3 Winter Festivals To Attend in Puerto RicoComments: 0Rating: 0 / 0
Puerto Rico might be on your radar for sunshine and palm trees, but it shouldn’t be counted out for a winter getaway. There might not be snow softly falling on pine trees, but the island gets into the spirit of winter with a number of celebrations. If you are in need of a winter escape, try Puerto Rico, specifically to attend one of its lively winter festivals....read more
5 Fascinating New Zealand MuseumsComments: 0Rating: 0 / 0
There are plenty of reasons to visit New Zealand – the natural beauty, diverse cultures, and unique cuisine being a few of them. New Zealand is also home to world-class museums where visitors can learn more about art, history and even sheep farming! Here are five to check out....read more
A Dinner Table Mouthful! How to Say 'Bon Appétit' in 15 Languages Across EuropeComments: 0Rating: 0 / 0
The French phrase, “Bon appétit,” is often used as a substitute for the lack of an English phrase of the same meaning. While you might hear, “Enjoy your meal,” Bon appétit is one of the most common ways of greeting someone before they chow down. As most of the country gets ready to have a Thanksgiving feast, in case you have a few at your table who don’t speak English or French for that matter, it is useful to know how to wish someone a good meal in some of France’s neighbors. Here’s how to say essentially, “Good appetite,” in 15 European languages....read more
Switzerland Celebrates 150 Years of Winter TourismComments: 1Rating: 0 / 0
Mention Switzerland and most people immediately dream of skiing in the snowed Alps. And that’s just as many folks from there would like you to think of their beautiful home. Indeed, there’s consensus among the Swiss that their country is the original destination for cold weather fun — and that this coming season marks the 150th anniversary of winter tourism....read more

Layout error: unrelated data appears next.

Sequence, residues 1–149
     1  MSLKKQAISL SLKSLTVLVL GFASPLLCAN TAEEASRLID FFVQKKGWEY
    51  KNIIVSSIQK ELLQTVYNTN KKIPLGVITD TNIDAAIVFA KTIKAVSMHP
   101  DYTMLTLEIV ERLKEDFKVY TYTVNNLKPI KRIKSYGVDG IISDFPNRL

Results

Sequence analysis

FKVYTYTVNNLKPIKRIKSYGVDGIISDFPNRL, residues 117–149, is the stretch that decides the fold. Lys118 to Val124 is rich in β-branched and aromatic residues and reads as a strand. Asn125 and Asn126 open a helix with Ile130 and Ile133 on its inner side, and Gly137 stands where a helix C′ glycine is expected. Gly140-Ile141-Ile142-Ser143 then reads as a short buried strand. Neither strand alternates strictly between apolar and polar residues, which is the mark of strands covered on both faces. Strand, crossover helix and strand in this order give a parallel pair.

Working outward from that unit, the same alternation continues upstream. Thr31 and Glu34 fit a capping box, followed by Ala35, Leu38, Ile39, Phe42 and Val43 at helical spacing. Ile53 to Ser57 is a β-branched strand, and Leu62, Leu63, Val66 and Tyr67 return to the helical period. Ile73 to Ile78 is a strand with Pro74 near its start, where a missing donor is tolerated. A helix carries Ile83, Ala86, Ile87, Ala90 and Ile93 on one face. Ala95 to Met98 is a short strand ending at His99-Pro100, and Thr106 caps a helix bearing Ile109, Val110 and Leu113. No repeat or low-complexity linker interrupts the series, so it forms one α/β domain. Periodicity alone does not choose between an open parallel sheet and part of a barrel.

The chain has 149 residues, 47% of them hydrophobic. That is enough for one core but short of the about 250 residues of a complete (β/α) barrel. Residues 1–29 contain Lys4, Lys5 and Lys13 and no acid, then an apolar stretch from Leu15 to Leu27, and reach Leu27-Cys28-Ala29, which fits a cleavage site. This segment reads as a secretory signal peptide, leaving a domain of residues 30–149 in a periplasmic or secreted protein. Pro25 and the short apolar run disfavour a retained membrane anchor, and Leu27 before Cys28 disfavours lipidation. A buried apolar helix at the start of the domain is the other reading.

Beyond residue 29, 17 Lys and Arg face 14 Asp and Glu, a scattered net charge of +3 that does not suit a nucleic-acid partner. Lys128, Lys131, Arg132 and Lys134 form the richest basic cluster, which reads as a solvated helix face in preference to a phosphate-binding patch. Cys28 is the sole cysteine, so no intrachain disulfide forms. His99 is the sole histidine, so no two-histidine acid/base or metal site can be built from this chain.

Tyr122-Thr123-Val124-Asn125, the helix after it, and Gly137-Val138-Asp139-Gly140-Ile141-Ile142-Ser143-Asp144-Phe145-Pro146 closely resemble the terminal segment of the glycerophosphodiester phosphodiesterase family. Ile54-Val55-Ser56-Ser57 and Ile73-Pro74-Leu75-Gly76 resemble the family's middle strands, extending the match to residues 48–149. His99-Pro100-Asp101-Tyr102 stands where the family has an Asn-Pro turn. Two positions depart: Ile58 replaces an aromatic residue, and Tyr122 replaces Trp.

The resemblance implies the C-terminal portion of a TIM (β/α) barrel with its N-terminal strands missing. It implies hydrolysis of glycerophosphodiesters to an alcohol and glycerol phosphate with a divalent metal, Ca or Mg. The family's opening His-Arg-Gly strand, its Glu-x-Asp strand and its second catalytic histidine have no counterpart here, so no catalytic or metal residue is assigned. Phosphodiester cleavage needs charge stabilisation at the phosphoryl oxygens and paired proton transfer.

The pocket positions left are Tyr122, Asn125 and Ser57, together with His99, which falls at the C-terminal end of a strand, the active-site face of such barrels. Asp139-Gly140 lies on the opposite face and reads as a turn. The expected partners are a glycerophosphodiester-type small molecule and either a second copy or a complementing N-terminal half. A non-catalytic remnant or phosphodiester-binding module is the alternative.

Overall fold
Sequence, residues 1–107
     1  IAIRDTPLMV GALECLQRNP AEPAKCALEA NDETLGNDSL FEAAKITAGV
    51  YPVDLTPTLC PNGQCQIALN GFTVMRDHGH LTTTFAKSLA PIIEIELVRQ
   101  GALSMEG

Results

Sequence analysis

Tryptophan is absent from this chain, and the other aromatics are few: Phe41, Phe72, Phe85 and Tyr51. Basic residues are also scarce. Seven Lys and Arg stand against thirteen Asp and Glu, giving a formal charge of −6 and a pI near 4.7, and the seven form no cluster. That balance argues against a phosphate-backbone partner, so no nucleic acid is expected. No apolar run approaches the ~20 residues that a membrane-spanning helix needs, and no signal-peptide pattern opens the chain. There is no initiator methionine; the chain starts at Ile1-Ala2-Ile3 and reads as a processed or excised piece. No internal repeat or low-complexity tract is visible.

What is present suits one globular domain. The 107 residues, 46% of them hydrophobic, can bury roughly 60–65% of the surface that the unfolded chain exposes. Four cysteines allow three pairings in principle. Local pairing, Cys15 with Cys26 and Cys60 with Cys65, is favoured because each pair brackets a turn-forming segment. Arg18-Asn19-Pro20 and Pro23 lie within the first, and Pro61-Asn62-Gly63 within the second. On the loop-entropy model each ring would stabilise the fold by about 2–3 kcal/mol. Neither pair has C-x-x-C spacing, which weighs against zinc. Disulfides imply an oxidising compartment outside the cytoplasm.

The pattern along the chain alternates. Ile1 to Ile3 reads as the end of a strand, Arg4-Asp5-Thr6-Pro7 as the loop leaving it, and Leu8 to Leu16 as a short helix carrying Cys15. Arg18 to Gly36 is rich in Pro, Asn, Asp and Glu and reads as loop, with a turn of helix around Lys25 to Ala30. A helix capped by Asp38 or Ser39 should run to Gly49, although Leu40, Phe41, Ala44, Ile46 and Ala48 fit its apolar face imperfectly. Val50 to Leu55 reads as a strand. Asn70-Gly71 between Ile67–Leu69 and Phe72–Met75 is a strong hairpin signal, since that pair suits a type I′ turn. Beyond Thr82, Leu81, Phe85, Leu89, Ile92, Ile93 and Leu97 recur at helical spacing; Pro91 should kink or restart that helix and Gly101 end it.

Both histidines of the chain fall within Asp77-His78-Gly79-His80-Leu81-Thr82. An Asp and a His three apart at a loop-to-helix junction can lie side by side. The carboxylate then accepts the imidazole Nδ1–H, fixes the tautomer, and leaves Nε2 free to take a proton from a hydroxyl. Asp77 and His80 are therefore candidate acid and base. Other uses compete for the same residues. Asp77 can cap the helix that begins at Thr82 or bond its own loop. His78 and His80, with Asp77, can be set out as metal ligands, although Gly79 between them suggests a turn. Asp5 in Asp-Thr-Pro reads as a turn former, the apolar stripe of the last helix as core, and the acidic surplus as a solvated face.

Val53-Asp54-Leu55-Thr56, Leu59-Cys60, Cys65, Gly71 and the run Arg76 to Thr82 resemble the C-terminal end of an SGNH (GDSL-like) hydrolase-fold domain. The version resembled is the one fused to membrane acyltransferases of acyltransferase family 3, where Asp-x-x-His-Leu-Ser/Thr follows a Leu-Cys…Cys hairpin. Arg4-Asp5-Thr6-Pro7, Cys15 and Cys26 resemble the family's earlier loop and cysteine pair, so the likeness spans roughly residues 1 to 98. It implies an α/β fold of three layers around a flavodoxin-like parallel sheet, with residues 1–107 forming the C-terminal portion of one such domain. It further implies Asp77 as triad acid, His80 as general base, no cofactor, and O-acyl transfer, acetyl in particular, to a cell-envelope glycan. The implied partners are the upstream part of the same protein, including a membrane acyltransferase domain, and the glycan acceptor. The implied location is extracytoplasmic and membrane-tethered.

California: CST #2090295-40, Nevada: SOT #2007-0081, Iowa: SOT #883, Washington: SOT #6027859380010001
Some of the content posted herein are the views and opinions of the individual blogger's and do not represent the views and opinions of OneTravel. It may be the case that OneTravel is partnering with a particular travel supplier mentioned in a blog post, however, all views and opinions expressed herein by parties other then OneTravel are by the respective bloggers.
© 2014 W K Travel, Inc. All rights reserved. Copyright for all material appearing on this website is owned by W K Travel, Inc. Persons accessing this website are authorized to view and print material from this website for information purposes only. Any other use of this material is restricted to non-commercial purposes and must include this copyright notice.
W K Travel Inc. owns the following Trademarks and Servicemarks appearing on this website:
OneTravel, OneTravel.com, and 1Travel. Trademarks and servicemarks for all other products and services appearing on this website are the trademarks and servicemarks of their respective owners.